I think the underlying issue has always been rebellion, plain and simple. While we pay lip service to “serving God”, we’re demanding that He serve us. How dare God request (order) us to give up something we like? Would a good God do that? Would I be a bad father to order my child not to play with the pretty snake under the rock? If I had to raise my voice and risk hurting their feelings, would I be a cruel father? Would my order be misconstrued as unloving? Sadly, within the confines of real time and space, rather than this essay, the answer is often “yes”.

    I think we are dealing with two issues: rebellion and trust, and as long as we give a home to rebellion, we won't have any room for trust. We gravitate to rebellion (or whatever we like to call it), and refuse to trust God until He proves Himself to us – over and over. Frankly, if I were God, I would have more hope in my dog. Which brings up a point I’d like to make. 

    Some modern churches are fond of catchy slogans they proudly post on their signage. I suppose the signage is supposed to take the place of evangelism – sort of a 24-hour pastor – he never sleeps…. 

    I’m sure you’ve seen the same one I have: “Be the person your dog thinks you are”. Well, that’s catchy, but the real point is the other way around. That sign should read: “If your dog acted towards you the way you act towards God, he’d be up for adoption”. And honestly, my dog obeys me much better than I obey God.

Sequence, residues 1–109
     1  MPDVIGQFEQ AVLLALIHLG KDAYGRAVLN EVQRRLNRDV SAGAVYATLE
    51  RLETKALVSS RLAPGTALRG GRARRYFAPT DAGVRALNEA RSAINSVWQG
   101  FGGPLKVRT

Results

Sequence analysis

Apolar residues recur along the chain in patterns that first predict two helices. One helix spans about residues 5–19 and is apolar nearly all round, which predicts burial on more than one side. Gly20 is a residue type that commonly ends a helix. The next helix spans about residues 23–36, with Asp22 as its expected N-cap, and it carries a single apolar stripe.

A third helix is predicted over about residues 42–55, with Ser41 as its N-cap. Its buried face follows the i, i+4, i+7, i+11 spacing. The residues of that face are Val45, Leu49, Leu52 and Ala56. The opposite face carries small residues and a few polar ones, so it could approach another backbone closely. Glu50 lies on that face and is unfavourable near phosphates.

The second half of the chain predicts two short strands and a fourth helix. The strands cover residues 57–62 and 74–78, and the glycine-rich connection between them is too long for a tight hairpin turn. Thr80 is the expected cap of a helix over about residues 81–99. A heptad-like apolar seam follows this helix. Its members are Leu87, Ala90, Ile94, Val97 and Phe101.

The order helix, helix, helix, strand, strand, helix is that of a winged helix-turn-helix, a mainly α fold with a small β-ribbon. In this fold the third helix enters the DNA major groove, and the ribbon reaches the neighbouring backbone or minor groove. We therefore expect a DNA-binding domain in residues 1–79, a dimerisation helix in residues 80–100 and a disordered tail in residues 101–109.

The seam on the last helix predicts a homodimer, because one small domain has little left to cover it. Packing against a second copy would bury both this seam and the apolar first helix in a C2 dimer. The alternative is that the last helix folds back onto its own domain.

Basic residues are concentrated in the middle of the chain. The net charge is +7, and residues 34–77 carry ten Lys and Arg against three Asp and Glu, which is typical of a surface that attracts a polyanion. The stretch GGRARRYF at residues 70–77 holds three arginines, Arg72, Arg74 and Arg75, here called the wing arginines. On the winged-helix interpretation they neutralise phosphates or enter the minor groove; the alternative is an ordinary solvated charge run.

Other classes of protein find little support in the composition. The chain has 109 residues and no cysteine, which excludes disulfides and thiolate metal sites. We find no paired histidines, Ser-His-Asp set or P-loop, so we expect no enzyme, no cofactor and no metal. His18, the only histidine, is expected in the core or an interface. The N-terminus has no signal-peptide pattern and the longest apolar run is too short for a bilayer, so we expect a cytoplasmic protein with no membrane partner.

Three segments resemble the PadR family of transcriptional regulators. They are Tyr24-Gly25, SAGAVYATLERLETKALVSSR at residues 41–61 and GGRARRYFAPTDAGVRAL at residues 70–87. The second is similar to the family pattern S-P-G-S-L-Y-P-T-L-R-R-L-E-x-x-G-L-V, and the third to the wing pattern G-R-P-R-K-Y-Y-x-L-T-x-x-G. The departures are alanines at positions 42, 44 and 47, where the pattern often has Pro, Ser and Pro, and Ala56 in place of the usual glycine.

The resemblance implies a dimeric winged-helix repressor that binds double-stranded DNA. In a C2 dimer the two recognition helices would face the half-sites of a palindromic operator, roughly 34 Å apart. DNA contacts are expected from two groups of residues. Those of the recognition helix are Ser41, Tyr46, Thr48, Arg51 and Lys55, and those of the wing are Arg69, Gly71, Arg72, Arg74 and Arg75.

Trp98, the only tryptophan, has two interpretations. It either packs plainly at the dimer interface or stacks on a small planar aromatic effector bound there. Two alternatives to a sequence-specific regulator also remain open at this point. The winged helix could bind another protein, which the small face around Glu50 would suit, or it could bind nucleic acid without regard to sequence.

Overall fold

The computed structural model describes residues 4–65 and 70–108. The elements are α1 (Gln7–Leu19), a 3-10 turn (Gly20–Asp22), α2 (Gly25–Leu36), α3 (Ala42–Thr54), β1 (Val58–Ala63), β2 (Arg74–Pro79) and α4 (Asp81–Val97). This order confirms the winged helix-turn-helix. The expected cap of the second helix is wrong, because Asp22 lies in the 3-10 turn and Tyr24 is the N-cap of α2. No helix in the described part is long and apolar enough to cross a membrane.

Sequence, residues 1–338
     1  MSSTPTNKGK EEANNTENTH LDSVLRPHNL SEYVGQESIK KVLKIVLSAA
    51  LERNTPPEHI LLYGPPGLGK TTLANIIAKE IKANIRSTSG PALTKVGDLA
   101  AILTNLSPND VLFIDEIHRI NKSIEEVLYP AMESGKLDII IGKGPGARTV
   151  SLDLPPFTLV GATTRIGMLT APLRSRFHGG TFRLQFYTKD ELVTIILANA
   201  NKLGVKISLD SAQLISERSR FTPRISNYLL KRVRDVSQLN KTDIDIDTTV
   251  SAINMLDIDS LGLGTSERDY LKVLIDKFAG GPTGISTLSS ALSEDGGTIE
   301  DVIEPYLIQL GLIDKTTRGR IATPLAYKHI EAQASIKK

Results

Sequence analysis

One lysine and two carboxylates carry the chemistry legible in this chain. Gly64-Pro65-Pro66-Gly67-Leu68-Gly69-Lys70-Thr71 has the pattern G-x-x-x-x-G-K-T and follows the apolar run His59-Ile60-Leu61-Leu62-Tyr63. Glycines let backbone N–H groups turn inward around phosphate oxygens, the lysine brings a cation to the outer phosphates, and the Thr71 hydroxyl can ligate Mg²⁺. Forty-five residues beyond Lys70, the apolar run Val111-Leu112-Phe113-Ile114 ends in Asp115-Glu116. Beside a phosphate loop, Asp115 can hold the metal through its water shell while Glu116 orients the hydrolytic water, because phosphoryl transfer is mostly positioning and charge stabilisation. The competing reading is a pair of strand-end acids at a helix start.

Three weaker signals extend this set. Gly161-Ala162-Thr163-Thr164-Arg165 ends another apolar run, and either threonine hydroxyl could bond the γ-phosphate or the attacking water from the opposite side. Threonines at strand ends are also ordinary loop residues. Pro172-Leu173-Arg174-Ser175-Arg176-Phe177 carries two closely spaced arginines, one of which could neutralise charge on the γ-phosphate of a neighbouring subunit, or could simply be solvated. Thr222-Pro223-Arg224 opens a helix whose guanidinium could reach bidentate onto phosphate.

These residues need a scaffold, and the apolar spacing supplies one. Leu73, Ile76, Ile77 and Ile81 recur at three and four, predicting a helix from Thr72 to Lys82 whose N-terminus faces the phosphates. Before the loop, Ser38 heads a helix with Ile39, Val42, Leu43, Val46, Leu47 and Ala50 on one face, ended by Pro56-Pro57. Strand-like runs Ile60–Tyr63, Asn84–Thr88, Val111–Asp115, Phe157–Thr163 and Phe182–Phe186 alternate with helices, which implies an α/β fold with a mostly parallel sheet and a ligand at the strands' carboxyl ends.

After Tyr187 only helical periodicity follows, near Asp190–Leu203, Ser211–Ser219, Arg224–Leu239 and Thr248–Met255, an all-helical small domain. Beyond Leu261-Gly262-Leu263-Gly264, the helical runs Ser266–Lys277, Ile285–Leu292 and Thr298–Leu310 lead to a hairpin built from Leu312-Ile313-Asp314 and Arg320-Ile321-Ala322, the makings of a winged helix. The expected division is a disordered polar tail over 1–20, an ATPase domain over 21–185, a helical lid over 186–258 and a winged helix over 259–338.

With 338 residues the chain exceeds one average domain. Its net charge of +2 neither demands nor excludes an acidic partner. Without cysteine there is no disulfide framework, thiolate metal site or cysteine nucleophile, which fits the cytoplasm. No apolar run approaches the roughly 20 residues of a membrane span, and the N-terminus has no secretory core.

For my dog, obedience was a learned response, but he did learn it, and it wasn’t easy for either of us while he did. My dog trusts me completely. Again, he learned that too.  And my dog hears MY voice; now he also hears other voices, but he obeys mine. My dog knows he belongs to me, and never doubts it. And here’s the clincher: my dog knows I am the boss, and he is NOT. And it is because of all this that I also learned to trust my dog! See the point?

    In these End Times, with the world around us spiraling into Bible prophecy, perhaps we should at least try to learn some lessons from our dogs.

    God is Kingwe are NOT. 



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    About Me

    Name: John Miltenberger
    ChristiansUnite ID: jmilty
    Member Since: 2006-08-22
    Location: Estes Park, Colorado, United States
    Denomination: Born-again believer
    About Me: Retired from Overland Park, Kansas and now living in Estes Park, Colorado. Another escapee from the Midwest!! Email: jmilty@q.com